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Some Double – or Triple – Denomination Curiosities

By Frank Van Valen, Numismatist & Cataloger

Author: Frank Van Valen / Friday, June 24, 2016 / Categories: Exonumia Corner

The beauty of exonumia is that it knows no boundaries – if it has to do with numismatics in some remote way, that’s generally good enough for an exonumia collector. My personal collection contains paper, wood, metal, plastic, and Bakelite items and more, and some of them have been featured right here at this website in my many blogs.

Among my favorite exonumia items are my double-denomination pieces, but not the mint errors you might think I’m referring to. What I collect is coins that have other coins embedded or inserted into their surface, but it’s easier to illustrate than to explain.

For instance, in my Conder token collection I have a curious piece. It’s a 1795 Princess of Wales halfpenny from Middlesex, D&H-977. It’s a common piece but not this example. Ever so slightly below center on the token a hole was fashioned and two 1844-dated half farthings were inserted back to back with the reverse side out. Heads or tails, there’s an 1844 half farthing present. I’m still trying to figure out what the new denomination is!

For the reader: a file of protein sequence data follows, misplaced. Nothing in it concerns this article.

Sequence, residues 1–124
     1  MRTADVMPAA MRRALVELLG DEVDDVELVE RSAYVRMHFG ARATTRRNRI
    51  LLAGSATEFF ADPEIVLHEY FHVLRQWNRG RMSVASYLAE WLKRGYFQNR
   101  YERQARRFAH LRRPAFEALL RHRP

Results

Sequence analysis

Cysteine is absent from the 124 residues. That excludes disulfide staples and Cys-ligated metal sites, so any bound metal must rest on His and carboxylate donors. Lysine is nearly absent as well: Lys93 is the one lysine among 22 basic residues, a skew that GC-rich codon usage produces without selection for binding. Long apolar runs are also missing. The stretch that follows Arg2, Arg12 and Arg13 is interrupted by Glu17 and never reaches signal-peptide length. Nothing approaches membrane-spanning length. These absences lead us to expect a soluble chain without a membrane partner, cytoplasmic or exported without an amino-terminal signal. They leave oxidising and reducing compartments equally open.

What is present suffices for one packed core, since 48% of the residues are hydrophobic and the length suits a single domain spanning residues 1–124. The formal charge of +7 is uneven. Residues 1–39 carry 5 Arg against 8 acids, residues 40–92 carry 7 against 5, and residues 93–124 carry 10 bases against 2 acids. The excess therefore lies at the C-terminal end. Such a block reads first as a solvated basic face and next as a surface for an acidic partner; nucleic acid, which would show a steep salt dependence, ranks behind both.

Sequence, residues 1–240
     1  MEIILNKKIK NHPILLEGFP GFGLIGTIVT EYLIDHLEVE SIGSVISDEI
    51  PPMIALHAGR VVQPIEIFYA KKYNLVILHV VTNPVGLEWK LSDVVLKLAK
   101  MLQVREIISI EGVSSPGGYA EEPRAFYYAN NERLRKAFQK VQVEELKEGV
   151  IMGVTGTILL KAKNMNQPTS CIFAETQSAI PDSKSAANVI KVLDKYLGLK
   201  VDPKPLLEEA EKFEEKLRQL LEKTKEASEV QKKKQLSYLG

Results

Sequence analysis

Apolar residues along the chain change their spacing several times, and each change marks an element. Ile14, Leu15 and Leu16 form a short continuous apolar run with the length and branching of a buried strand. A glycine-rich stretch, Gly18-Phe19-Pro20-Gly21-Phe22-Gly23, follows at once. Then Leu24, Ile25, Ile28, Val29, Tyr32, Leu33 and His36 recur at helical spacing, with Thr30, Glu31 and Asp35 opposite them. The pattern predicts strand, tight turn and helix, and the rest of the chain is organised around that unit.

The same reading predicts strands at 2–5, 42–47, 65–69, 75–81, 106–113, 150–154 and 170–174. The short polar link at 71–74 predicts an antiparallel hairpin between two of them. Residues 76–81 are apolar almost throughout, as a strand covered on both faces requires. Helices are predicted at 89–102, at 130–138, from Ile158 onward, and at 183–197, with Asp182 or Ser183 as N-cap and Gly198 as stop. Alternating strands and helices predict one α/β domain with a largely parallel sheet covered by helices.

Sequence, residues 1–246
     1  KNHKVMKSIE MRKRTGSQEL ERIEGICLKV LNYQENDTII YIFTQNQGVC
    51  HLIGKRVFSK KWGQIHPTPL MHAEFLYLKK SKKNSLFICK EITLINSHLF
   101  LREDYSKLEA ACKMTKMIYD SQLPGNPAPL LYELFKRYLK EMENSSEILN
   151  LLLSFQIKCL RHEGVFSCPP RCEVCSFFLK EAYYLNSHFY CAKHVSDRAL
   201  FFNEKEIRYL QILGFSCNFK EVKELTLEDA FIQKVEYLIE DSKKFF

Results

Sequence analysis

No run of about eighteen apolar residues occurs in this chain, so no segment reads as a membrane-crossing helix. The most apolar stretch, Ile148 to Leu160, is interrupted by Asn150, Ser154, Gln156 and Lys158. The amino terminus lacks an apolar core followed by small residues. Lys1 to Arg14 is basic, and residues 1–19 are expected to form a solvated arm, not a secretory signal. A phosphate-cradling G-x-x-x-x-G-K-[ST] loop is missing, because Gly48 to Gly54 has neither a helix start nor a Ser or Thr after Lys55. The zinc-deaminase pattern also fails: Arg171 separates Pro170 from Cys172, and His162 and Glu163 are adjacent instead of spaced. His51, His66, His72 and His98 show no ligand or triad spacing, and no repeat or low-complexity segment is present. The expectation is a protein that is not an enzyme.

Another favorite is a Mexican First Republic 8 reales dated 1834 from the Zacatecas Mint that received its parasitic partner sometime in the 20th century. I know this because the piggybacking coin is a beaten up Mercury dime placed at the obverse center of the host coin with the rays there now surrounding the dime. I just assume it’s a 1916-D Mercury dime, so all is good!

The coins of Queen Victoria of England have always fascinated me, so it was only natural that I would own the final coin in this blog. At first glance it’s a well-worn English penny dated 1858 and barely above Good-4, the sort of coin you might find in a dealer’s box of three-for-a-dollar world coins. Once this worn-out old copper is flipped, however, the fun begins. Embedded in the penny is a French copper five centimes dated 1854, and embedded in the French piece is an English silver threepence dated 1887, the Jubilee Year of Queen Victoria’s reign. This piece was very carefully crafted and probably made to celebrate Her Majesty’s 50 years on the throne.

I hope you enjoyed this installment of the Exonumia Corner. If you have a favorite piece of exonumia, send me a picture and we may just feature it here!